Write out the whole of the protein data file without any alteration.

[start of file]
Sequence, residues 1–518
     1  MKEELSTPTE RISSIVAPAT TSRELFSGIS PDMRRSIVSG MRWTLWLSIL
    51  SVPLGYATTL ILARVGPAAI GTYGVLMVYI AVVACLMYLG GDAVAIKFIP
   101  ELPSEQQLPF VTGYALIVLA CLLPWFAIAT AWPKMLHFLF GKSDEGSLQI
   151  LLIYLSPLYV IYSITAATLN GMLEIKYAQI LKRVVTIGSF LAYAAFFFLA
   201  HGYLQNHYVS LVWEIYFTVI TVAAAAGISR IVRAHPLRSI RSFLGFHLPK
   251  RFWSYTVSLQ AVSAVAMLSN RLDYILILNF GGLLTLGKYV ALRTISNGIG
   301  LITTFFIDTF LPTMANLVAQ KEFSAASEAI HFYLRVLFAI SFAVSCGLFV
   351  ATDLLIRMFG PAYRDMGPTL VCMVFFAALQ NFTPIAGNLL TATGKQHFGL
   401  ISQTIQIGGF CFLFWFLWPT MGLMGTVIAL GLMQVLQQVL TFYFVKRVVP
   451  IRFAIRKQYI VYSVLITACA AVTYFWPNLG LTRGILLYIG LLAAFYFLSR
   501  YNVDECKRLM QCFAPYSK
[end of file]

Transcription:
Sequence, residues 1–518
     1  MKEELSTPTE RISSIVAPAT TSRELFSGIS PDMRRSIVSG MRWTLWLSIL
    51  SVPLGYATTL ILARVGPAAI GTYGVLMVYI AVVACLMYLG GDAVAIKFIP
   101  ELPSEQQLPF VTGYALIVLA CLLPWFAIAT AWPKMLHFLF GKSDEGSLQI
   151  LLIYLSPLYV IYSITAATLN GMLEIKYAQI LKRVVTIGSF LAYAAFFFLA
   201  HGYLQNHYVS LVWEIYFTVI TVAAAAGISR IVRAHPLRSI RSFLGFHLPK
   251  RFWSYTVSLQ AVSAVAMLSN RLDYILILNF GGLLTLGKYV ALRTISNGIG
   301  LITTFFIDTF LPTMANLVAQ KEFSAASEAI HFYLRVLFAI SFAVSCGLFV
   351  ATDLLIRMFG PAYRDMGPTL VCMVFFAALQ NFTPIAGNLL TATGKQHFGL
   401  ISQTIQIGGF CFLFWFLWPT MGLMGTVIAL GLMQVLQQVL TFYFVKRVVP
   451  IRFAIRKQYI VYSVLITACA AVTYFWPNLG LTRGILLYIG LLAAFYFLSR
   501  YNVDECKRLM QCFAPYSK